She put the girls to bed, Becky Jr first, then Sue. The boys had been tucked away hours earlier by their father. It was late in Wisconsin and Americana Fever, her favorite bluegrass band, was about to play on the livestream. Becky Sr pulled out her pair of stream Goggles and laid down in the rickety Ikea bed she and Maverick, her husband, shared.
Maverick was out in the fields still. It was late, dark, but he had things to do — an amateur star-photographer, his work had attracted attention from a few big institutions out East. He had a few big commissions from an art collective in that needed high fidelity Mid-Western sky for their “Blanket the Sun” installation that’d be showing in the City in a few weeks.
Becky Sr had never left Wisconsin; Maverick had grown up in California, spent some time in New York City, then Detroit, then the plains of Wisconsin looking for new territory, he said. He had friends from both coasts that would come to visit, occasionally. They seemed thin, pale, worn-down, energetic, a weird mix of over-zealous and unmoored jadedness. They slept out in the barn, in cots Maverick had installed up in the crawlspace above the machine shop and tractor storage.
They didn’t keep animals. The barn, built in the 60’s by Becky’s grandfather, got quite cold in the winter. Mav had insulated the corrugated tin roof — R22 rated pink padded stuffing, stuffed behind painted plywood sheeting. It had arrived on the weekly delivery truck a few years back April, several large baling rolls of pink fluff wrapped in brown paper. They had a small mining rig that hummed all night, driven by the wind when it was windy and the sun in the daylight. In the winter it doubled as a heater, keeping the space warm enough for the steady-ish stream of visitors that seemed to relish ‘roughing it’ for the cold season, at least as much as they enjoyed frolicking in the fields during the sunnier months.
They didn’t bother putting it up for let on the Internet, it got plenty of use from the myriad sea of overlapping Group Chats. Mav seemed to be endlessly fielding requests for time from far afield.
It’s good to get out of the city, they’d say, citing the latest buzzed brouhaha about Nigerian princes that had sent their newsroom into a tizzy or some unbearable heatwave that they were missing by being Out of Town at that very moment. How did they know what they were missing, Becky always thought but never asked. It didn’t seem polite.
The cuckoo clock, an heirloom no one had wanted but that Becky had inherited all the same with the house, chimed in the front parlor. It was 8p now, 9p Eastern, 6p Pacific. Americana’s players were mostly out of the coastal cities; they came online together once a week to put on small performances for their fans — all 40,000 of them. The players knew some of the regulars, the ones that had been there forever. It was more of a practice than a performance, exactly, but everyone had a good time.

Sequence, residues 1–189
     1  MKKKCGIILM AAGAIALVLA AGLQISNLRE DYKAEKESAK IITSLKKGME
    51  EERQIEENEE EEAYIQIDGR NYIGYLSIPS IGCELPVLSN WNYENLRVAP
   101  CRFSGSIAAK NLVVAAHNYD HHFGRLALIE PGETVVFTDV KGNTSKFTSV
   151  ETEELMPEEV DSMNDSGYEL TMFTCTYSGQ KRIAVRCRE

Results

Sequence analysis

Becky adjusted the goose down pillows and slid further under the quilt her grandmother had made her mother, Becca, over half a century ago now. Priceless heirloom, with a few unraveling edges badly in need of a good airing out. It’d get one, come springtime. The screen lights dimmed then brightened in her Goggles, indicating that the performance was about to start.
Mav would be out for hours yet, waiting for the Milky Way to hit its nadir above the big Wisconsin sky.
The players had assembled onto a raised stage platform. Becky, a long time viewer and season ticket holder had a good view from the second balcony. The players’ avatars were a motley collection of large stuffed foxes and vaguely Japanese characters with wide eyes and perfect, porcelain skin. Today the banjo player took cues from both camps, wearing miles of crinoline petticoats and the face of a blushing panda. The costumes changed but the masks stayed the same. The announcer was wrapping up his weekly spiel, always the same jokes about ‘timeliness’ and ‘finding your seat’. They got laughs every week, just the same.
As the musicians started in on their first number, a quick tempo polka-crossover made bluegrass, Becky noticed an avatar sliding into the seat next to her, a drunken fox. He waved silently at her, she recognized him from last week, and smiled back.
Mav woke her slightly, hours later, lifting the Goggles off her chest, gently sliding them past her face, his hands smelling faintly of wet earth and bent grass. He kissed her forehead, then slid in beside her in the darkness, falling deeply into the mattress, asleep.
The clock began to chime, one, two. Then the house was still, the high pitched whine of the miners a faint to color to the expansiveness of the absolute still plain Wisconsin mid-February night.
Image credit: Denny Moutrayu